FIG. 5, shows the ice chest portion and carbonator of an alternate embodiment of the invention in which the pre-chill coil is used to chill water before it is carbonated.
Referring now to the drawings wherein the showings are made for the purpose of illustrating the preferred embodiment of the invention only and not for the purposes of limiting same, FIG. 1 shows a beverage dispenser 10 comprised of an ice chest 12 and a tower 14. A plurality of dispensing valves 16 are mounted on the top of the tower 14. Portions of beverage may be dispensed through the valves 16 when one of the actuating levers 18 is depressed. A drip pan 20 collects any spilled beverage.
The ice chest 12 has an ice containing chamber 22 surrounded by a front wall 24, a right hand side wall 26, a left hand side wall 28 and a rear wall 30. The bottom of the ice containing chamber 22 is defined by a cold plate 32. A drain (not shown) is provided near one corner of the cold plate 32 to remove water. The cold plate is slightly tilted to position the drain near the bottom most point of the ice containing chamber 22. The top of the ice containing chamber 22 is closed by a fixed top portion 34 and a top door 36 which may be opened to put ice into the ice containing chamber 22. As can be best seen in FIG. 2, the cold plate 32 is a block of aluminum with a multiplicity of stainless steel tubes embedded therein. Several syrup tubes 38 receive syrup from a source of syrup (not shown). The tubes 38 wind in a serpentine manner within the cold plate 32 so as to have a long length exposed to the low temperature of the cold plate. The downstream end 40 of the cold plate syrup tubes 38 are connected to syrup conduits 42 which convey the chilled syrup to the dispensing valves 16.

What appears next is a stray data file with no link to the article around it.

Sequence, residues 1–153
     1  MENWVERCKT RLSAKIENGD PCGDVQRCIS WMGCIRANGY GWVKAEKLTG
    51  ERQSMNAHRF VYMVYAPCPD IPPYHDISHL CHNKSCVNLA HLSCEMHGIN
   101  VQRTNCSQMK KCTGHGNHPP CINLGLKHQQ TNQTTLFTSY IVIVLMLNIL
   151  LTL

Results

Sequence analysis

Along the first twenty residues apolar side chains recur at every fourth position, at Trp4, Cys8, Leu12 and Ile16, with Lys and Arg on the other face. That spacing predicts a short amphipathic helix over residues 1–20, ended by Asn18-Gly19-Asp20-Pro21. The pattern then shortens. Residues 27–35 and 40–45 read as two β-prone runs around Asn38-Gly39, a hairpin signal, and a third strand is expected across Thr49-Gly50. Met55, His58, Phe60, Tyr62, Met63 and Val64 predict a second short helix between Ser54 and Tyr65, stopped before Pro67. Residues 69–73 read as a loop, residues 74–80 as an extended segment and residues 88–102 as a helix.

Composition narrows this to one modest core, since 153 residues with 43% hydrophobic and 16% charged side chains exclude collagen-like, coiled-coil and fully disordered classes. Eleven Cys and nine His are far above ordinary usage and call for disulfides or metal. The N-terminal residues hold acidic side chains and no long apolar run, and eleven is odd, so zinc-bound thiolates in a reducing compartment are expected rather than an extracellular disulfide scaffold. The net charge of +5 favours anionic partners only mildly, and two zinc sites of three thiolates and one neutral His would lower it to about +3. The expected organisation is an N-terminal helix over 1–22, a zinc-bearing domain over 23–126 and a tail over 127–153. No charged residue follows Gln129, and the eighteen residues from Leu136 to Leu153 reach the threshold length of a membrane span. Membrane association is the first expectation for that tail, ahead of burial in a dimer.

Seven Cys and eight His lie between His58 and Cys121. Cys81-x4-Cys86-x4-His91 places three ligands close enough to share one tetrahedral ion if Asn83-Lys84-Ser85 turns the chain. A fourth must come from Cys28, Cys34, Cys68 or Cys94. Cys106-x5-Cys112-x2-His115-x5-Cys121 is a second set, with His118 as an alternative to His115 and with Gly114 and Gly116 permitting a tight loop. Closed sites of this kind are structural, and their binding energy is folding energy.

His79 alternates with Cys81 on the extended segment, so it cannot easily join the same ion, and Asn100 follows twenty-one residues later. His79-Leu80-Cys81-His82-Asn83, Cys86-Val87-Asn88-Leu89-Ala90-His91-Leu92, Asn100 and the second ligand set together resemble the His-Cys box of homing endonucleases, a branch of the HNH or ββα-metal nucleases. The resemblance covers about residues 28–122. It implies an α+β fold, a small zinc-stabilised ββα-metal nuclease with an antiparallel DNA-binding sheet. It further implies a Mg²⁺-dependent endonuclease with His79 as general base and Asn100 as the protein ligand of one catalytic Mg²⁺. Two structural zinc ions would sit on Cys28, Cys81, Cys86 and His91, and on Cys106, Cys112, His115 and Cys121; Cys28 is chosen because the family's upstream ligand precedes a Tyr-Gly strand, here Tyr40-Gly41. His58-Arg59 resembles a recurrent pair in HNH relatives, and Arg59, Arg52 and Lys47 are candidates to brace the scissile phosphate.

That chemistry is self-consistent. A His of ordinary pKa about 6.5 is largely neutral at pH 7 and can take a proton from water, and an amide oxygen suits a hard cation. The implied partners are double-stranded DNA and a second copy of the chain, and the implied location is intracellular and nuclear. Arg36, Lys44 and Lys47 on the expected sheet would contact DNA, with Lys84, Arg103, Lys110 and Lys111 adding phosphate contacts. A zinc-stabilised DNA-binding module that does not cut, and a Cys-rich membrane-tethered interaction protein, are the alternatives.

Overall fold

One or more soda tubes 44 convey carbonated water or soda from a source of soda (not shown) to a connecter 46 at one end of a stainless tube 48 embedded in the pre-chill coil assembly 50. The stainless steel tube 48 makes a number of complete circuits around the ice containing chamber 22 within an aluminum casting 52 that can be best seen in FIGS. 3 and 4. In one embodiment, the tube 48 makes eight complete circuits the individual circuits being arranged as four pairs vertically stacked. Alternatively, if two soda lines are used to provide carbonated water to the beverage dispenser (which is common) two separate stainless steel tubes 48 will be provided and arranged to each have multiple circuits around the inside periphery of the ice containing chamber 22 in the casting 52. In either design, a unitary casting 52 is provided for the pre-chill coil assembly 50.
After the soda water has been pre-chilled in the stainless steel tube 48, it proceeds through a connector 54 behind the cold plate, and into a stainless steel soda tube 56 within the cold plate 32. The stainless tube 56 winds through a long serpentine path within the cold plate 32 and finally feeds chilled soda into a manifold 58. Individual product soda tubes 60 convey the chilled soda from the manifold, out of the cold plate 32 and up through the tower 14 to the dispensing valves 16.